Picture of Black Head Lighthouse on Galway Bay (Allgau, Wikimedia Commons). My grandfather was the first lighthouse keeper here, having helped build it from 1935 to 1936 with the Galway Harbour and Irish Lights Commissioners (this Clare lighthouse was requested by the community of transatlantic liner captains and freighter masters using Galway Bay).
Galway has so much to be proud of that often remains under the radar. Sometimes we tend to be a bit “Irish” about the great stuff going on here, hiding our lights under bushels. So I wanted to make a plea to everyone in the West to shine a light on the creativity, innovation and entrepreneurship of Galway, the capital city of the West, whether it be through social media, word of mouth, or promotional material you may be creating for your organisation.
Here are some tidbits that many of you may have heard before, and some others that you may not have encountered thus far:
- Galway was named as the top microcity in Europe last year by the Financial Times fDi magazine (for cities less than 100,000 people).
- We are the world’s friendliest city according to Travel & Leisure Magazine.
- Galway is Ireland’s medtech capital, with a third of Ireland’s medtech workforce in one of Europe’s if not the world’s top medtech hubs, with a density of companies only rivalled by Minnesota.
- Galway is home to a fantastic range of MNCs and startups – I won’t list them all out because I’ll only offend those that I forget – but just take a look at the Galway Tech Map and Galway Medtech Map and you’ll get a good overview of the companies that are here.
- We also have had some very successful indigenous companies come out of Galway, including financial services company Fintrax, reportedly worth half a billion euro, and Creganna, Ireland’s largest indigenous medical device company, ranked among the world’s top 10 medical device outsourcing providers.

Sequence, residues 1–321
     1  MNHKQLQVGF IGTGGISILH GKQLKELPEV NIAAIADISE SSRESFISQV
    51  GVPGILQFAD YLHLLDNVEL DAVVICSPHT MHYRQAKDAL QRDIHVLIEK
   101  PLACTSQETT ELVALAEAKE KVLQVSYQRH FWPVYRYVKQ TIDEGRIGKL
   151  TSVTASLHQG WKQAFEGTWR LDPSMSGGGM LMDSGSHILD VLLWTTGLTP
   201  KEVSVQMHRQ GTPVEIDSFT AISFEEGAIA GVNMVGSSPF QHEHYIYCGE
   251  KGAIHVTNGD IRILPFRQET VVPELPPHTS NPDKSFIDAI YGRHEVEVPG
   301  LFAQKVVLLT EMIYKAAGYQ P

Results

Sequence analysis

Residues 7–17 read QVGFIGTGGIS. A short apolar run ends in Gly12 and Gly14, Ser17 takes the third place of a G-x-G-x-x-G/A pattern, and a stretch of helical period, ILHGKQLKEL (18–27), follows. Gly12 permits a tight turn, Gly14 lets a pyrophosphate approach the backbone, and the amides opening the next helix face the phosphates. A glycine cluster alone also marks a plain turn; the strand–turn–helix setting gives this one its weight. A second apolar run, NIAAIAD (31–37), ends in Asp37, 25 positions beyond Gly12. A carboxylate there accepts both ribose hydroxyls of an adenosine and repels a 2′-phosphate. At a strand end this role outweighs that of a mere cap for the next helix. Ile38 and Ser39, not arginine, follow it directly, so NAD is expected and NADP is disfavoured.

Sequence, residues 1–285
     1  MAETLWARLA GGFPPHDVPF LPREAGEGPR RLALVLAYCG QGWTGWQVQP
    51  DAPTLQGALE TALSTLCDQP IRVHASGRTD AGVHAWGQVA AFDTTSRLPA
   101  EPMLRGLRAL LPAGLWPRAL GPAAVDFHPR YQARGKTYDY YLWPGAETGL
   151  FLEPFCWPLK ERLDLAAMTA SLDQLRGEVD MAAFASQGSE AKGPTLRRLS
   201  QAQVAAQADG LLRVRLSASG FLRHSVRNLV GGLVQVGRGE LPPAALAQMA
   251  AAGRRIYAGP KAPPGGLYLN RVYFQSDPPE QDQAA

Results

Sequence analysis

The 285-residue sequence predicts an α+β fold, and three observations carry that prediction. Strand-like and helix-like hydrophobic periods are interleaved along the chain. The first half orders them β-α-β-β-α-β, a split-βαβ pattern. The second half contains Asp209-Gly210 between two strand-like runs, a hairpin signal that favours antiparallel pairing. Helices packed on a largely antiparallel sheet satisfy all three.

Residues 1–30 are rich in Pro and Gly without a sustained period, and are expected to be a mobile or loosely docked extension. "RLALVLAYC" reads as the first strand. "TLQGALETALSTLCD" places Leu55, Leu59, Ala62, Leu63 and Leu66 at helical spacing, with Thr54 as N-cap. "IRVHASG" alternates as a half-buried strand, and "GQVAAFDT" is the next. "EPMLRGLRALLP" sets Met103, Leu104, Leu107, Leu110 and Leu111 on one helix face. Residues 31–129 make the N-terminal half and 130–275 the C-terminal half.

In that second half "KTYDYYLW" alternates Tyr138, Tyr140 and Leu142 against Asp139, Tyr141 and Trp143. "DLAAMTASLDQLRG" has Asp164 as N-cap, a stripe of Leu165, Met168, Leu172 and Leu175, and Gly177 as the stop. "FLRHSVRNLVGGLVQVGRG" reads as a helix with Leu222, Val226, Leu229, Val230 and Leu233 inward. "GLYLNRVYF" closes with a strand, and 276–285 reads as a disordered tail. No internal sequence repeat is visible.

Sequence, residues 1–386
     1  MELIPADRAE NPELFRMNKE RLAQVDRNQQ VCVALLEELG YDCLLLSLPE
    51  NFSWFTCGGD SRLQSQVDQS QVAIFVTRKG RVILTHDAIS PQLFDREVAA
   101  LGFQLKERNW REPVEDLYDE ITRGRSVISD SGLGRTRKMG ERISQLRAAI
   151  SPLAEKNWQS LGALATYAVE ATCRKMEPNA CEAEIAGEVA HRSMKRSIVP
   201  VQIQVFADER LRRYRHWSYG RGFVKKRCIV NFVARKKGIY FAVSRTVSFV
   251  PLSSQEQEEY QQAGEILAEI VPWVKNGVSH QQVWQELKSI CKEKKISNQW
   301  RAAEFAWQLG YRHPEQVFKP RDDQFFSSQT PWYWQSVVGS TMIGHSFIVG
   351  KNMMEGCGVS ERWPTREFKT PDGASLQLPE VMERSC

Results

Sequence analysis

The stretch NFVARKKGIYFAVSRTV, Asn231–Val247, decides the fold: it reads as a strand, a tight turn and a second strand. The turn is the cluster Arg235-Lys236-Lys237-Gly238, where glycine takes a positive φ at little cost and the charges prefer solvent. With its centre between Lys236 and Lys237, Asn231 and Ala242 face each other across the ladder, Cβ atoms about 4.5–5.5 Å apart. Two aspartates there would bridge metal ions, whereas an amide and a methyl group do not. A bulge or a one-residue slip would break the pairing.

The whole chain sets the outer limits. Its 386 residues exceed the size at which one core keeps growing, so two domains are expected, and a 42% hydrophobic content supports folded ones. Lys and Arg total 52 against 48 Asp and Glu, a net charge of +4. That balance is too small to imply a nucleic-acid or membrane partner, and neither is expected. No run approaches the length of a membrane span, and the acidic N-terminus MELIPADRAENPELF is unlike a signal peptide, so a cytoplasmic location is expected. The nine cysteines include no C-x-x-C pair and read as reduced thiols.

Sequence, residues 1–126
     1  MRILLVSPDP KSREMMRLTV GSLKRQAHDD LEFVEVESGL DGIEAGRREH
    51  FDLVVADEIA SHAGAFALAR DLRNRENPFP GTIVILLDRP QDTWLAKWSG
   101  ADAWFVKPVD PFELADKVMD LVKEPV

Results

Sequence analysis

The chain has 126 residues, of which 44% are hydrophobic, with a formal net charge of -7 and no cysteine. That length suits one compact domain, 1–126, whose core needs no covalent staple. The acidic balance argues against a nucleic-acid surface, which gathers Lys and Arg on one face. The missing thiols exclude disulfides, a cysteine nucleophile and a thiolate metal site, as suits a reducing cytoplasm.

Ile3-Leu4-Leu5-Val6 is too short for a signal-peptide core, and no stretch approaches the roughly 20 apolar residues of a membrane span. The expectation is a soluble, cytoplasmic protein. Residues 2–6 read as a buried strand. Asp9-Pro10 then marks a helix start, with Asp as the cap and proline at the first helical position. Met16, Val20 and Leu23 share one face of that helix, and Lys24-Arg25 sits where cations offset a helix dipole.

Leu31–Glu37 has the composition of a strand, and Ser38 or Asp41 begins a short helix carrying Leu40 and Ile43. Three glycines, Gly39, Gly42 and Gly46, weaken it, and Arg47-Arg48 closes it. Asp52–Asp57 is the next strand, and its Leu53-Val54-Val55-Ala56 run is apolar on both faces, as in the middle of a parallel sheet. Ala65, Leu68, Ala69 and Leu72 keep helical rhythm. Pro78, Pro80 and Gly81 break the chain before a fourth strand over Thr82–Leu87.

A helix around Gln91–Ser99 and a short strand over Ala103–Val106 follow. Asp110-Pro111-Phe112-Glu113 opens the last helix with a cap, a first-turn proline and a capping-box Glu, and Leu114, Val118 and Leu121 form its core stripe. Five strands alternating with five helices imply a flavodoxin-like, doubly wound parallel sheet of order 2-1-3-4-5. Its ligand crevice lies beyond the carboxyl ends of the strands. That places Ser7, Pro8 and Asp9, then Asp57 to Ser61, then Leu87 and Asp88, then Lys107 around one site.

- NUI Galway is the only Irish university to move up in the university rankings for the past two years in succession (climbing 213 places in the QS Rankings since 2007), was the top performing Irish university in terms of money received from Horizon 2020, and is one of three universities in Ireland to receive LaunchPad funding from the Blackstone Foundation to boost undergraduate entrepreneurship.
- Between GMIT and NUI Galway there is a combined student population of 22,500, with many drawn from the catchment area in the West (nearly 360,000 people live within a 60 km radius of Galway). NUI Galway outputs nearly 150 ICT graduates and about 150-200 ICT postgraduates per year.
- And some bits from history:
- The two inventors of the terms “electron” (Stoney) and “homo neanderthalensis” (King) were professors at NUI Galway (then QCG).
- Alice Perry, the first female engineering graduate in the UK and Ireland, if not the world, was one of the first graduates from NUI Galway, and the chief engineer of San Francisco, Michael O’Shaughnessy, who named and commissioned the Golden Gate Bridge, was also a graduate from the University.
- The heart of Silicon Valley, Menlo Park in California, was founded by two Galway immigrants and named after Menlo and Menlo Castle here in Galway.